FIGURE 1
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Figure 1. The effects of acidosis on cancer-related phenomena. Acidosis in tumor microenvironment influences key aspects of tumor phenotype and cancer behavior including expression reprogramming and signal transduction (Putney and Barber, 2004; Chen et al., 2008; Riemann et al., 2013), metabolism and survival (Parks et al., 2011; Marino et al., 2012; Wojtkowiak et al., 2012), genomic instability (Dai et al., 2013), angiogenesis (Shi et al., 2001; Peppicelli et al., 2013), adhesion-migration-invasion (Martínez-Zaguilán et al., 1996; Moellering et al., 2008; Stock and Schwab, 2009; Estrella et al., 2013), metastasis and stemness (Rofstad et al., 2006; Hjelmeland et al., 2011), aberrant immune responses (Fischer et al., 2000a,b; Mendler et al., 2012; Rajamäki et al., 2013), and therapy resistance (Thews et al., 2006; Wojtkowiak et al., 2011; Daniel et al., 2013).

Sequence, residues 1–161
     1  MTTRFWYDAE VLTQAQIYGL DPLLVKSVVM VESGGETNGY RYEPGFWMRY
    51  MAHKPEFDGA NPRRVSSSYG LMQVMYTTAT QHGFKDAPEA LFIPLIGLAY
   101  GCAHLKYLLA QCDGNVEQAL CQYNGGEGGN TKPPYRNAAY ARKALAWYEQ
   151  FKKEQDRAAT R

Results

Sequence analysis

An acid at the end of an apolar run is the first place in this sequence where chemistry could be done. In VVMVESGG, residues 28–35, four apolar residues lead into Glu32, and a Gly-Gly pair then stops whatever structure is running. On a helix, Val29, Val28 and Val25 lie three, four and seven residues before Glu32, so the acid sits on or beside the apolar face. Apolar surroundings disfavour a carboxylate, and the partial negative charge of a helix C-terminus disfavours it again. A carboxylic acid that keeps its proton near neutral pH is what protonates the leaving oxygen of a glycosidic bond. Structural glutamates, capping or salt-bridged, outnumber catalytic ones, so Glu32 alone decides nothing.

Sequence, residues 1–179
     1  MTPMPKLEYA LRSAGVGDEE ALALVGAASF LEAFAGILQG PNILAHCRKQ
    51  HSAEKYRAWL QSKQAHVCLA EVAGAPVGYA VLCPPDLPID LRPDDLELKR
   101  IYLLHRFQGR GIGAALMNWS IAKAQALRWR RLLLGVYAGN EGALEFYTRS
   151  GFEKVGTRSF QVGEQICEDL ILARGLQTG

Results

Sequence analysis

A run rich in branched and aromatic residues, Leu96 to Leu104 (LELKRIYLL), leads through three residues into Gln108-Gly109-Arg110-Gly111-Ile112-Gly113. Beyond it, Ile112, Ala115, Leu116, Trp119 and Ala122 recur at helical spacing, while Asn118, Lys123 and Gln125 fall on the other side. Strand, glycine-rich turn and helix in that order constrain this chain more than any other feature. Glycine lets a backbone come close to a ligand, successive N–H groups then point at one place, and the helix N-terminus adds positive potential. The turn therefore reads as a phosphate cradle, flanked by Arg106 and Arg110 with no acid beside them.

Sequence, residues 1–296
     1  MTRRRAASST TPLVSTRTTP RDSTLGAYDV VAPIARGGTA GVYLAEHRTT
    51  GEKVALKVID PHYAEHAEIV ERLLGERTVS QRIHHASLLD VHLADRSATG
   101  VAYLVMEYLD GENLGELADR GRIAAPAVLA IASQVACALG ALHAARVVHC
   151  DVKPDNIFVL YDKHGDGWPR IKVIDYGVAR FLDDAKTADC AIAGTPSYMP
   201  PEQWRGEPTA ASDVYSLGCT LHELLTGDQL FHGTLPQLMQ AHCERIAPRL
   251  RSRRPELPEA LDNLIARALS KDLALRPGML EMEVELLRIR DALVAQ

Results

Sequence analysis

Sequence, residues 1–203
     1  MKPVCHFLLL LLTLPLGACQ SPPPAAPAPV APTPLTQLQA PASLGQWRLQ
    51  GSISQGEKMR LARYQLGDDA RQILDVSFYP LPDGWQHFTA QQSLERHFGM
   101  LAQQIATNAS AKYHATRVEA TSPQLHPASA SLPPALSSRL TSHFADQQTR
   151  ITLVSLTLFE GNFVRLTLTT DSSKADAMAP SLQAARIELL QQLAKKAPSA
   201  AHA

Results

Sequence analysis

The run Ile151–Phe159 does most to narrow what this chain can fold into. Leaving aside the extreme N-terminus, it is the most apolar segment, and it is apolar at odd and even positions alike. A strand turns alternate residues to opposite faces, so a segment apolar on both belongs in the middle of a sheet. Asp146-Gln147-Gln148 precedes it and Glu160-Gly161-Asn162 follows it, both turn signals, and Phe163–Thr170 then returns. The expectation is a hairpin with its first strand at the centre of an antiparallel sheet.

pH Regulating Machinery: A Rescue Apparatus of Hypoxic/Acidic Tumor Cells

Mechanisms of pH regulation in tumor cells are very complex and intertwined with other cancer-related processes. Put simply, pH-regulating machinery has two major arms as mentioned before: the lactate and proton export arm, and the bicarbonate import arm. The coordinated actions of these arms ensure that pHi is kept at neutral or slightly alkaline values (within narrow range of 7.2–7.4, which is similar for many tumor cell types), whereas extracellular pH (pHe) becomes acidic (ranging more broadly from 6.6 or even below to 6.9 in a tumor cell-related manner). The net result of this regulation is a reversed pH gradient, which affects ion fluxes, uptake of drugs, activation of proteases and other processes as mentioned above (Gerweck and Seetharaman, 1996; Pouysségur et al., 2006).